Category:17. South-west England area

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Geological sketch map showing the range and distribution of different rock types in the South-west England Region, in relation to the major towns and cities. The extent of the region is shown on the inset map of the United Kingdom. P902268.

This account provides a broad perspective of the geology of South-west England, encompassing the counties of Cornwall, Devon and part of Somerset. It is bounded by the Atlantic, Bristol Channel and the English Channel and a line from Bridgwater through Crewkerne to Lyme Regis. The region is predominantly rural with the major cities and towns including Penzance, Truro, Newquay, Plymouth, Torquay, Exeter, Taunton and Barnstaple. Figure P902268 provides a geological sketch map of this region showing the rock types occurring in relation to the major towns and cities. This account outlines the geology to a depth of at least a kilometre and summarises the current and historical use of the geological resources in the area.

The near-surface geology of the region is well known due to the many quarries, mines, coastal cliffs and shallow boreholes. The region has been quarried for slate, granite and limestone for building stone. The extractive industry has also worked sands and gravels and the region has produced large quantities of china clay (kaolin). Historically, Cornwall and Dartmoor include some of the most important metalliferous mining districts in the British Isles, and these have been particularly important sources of copper, tin and arsenic from prehistoric times up to the twentieth century. More locally tungsten has been mined on Dartmoor in the past and new mining is in prospect, while there has been historic production of silver and lead on Exmoor.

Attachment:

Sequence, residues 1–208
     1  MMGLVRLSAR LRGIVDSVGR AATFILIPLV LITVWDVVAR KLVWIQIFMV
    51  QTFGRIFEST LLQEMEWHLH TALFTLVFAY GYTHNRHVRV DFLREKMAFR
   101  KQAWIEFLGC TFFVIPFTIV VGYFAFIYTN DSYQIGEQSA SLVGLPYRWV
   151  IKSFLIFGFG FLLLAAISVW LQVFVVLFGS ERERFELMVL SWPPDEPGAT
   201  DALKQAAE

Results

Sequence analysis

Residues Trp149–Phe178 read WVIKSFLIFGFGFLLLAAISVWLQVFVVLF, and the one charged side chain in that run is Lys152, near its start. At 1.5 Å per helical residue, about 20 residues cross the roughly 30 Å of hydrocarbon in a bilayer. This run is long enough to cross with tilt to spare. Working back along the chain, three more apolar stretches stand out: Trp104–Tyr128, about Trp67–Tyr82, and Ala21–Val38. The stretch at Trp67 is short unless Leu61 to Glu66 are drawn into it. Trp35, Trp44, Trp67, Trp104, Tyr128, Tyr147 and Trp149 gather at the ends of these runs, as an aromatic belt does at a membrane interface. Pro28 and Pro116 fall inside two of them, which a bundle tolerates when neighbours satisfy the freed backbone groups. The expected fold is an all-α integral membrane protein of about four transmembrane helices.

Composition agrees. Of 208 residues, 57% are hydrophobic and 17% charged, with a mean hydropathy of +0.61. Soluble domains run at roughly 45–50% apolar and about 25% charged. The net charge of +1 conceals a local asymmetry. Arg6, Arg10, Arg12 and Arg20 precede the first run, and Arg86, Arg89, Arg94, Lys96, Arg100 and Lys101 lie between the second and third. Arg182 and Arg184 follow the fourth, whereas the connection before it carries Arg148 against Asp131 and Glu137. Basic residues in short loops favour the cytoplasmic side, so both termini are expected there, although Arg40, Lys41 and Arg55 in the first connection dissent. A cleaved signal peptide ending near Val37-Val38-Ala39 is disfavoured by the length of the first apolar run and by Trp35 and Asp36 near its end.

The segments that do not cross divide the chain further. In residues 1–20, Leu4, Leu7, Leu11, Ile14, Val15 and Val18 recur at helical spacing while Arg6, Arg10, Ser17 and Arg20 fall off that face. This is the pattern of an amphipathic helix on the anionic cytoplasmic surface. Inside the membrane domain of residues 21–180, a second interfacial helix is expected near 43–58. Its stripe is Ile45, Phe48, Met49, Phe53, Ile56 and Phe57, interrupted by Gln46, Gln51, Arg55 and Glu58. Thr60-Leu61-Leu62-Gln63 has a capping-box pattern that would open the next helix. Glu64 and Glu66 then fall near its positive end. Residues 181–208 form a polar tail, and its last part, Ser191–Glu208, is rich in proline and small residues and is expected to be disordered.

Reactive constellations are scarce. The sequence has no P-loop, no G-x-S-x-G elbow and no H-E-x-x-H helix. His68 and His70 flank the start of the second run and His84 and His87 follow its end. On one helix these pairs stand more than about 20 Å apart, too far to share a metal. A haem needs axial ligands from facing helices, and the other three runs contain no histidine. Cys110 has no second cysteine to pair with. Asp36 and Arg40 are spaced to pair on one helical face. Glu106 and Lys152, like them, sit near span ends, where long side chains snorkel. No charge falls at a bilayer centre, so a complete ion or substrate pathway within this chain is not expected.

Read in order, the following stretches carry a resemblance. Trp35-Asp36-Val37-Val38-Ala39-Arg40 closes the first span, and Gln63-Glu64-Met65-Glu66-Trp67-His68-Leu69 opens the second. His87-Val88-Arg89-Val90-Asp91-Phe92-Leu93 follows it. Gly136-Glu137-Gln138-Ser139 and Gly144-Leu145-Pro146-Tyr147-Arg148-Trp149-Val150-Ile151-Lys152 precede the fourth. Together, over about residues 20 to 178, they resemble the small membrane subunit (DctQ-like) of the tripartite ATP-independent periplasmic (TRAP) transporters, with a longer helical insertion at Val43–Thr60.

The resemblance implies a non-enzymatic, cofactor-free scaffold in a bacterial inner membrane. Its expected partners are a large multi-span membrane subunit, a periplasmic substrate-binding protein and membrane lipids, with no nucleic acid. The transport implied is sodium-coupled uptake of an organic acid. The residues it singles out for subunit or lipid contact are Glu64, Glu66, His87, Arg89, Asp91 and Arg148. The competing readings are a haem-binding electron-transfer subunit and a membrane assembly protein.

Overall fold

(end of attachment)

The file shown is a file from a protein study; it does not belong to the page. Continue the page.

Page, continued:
At greater depths, below about 200 m, our understanding relies heavily on information from former mines and a few deeper boreholes. The majority of the boreholes are clustered in the south-west of the region and were drilled for mineral exploration aimed at the minerals associated with the granites. These are the solidified remains of bodies of molten rock or magma, similar to those that lie beneath many active volcanoes today at depths of a few kilometres. The very deepest of these boreholes go down over a kilometre. Other deep boreholes were drilled to explore for hydrothermal energy, oil and gas. Patterns of the Earth’s gravity and magnetic field, the latter measured with great sensitivity from aircraft, also give us clues as to the deeper geological structure of parts of the region and in particular the subsurface extent of the granite. With the exception of the easternmost parts, in most of the region the rocks do not contain sufficient water to provide a source for drinking water supply and therefore almost all the water for the region comes from surface rivers and reservoirs; however, small domestic supplies are abstracted in some areas. The region does not contain valuable oil, gas or coal deposits at depth; consequently there is limited information from exploration for these commodities. However, some geophysical surveys which provide information on the rocks by sending sound waves through the ground (seismic surveys) have provided data for the south-eastern part of the region around Lyme Regis, where it is useful to help interpret the deeper geological structure.


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